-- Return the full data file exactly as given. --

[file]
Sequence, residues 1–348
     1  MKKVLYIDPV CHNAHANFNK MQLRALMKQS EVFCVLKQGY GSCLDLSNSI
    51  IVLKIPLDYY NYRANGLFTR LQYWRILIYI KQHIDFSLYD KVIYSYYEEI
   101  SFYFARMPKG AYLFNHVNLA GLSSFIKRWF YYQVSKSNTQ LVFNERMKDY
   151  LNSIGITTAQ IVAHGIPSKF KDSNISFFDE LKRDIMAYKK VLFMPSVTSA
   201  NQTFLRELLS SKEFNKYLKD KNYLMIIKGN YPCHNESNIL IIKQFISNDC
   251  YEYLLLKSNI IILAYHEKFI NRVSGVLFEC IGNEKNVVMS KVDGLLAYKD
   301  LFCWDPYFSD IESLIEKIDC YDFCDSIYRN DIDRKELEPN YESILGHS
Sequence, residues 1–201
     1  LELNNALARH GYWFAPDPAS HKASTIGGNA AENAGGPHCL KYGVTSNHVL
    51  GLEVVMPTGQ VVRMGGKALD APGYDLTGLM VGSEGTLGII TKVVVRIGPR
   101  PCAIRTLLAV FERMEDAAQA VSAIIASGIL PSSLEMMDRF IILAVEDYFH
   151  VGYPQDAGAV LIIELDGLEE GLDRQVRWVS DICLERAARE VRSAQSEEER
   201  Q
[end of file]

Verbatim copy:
Sequence, residues 1–348
     1  MKKVLYIDPV CHNAHANFNK MQLRALMKQS EVFCVLKQGY GSCLDLSNSI
    51  IVLKIPLDYY NYRANGLFTR LQYWRILIYI KQHIDFSLYD KVIYSYYEEI
   101  SFYFARMPKG AYLFNHVNLA GLSSFIKRWF YYQVSKSNTQ LVFNERMKDY
   151  LNSIGITTAQ IVAHGIPSKF KDSNISFFDE LKRDIMAYKK VLFMPSVTSA
   201  NQTFLRELLS SKEFNKYLKD KNYLMIIKGN YPCHNESNIL IIKQFISNDC
   251  YEYLLLKSNI IILAYHEKFI NRVSGVLFEC IGNEKNVVMS KVDGLLAYKD
   301  LFCWDPYFSD IESLIEKIDC YDFCDSIYRN DIDRKELEPN YESILGHS
Sequence, residues 1–201
     1  LELNNALARH GYWFAPDPAS HKASTIGGNA AENAGGPHCL KYGVTSNHVL
    51  GLEVVMPTGQ VVRMGGKALD APGYDLTGLM VGSEGTLGII TKVVVRIGPR
   101  PCAIRTLLAV FERMEDAAQA VSAIIASGIL PSSLEMMDRF IILAVEDYFH
   151  VGYPQDAGAV LIIELDGLEE GLDRQVRWVS DICLERAARE VRSAQSEEER
   201  Q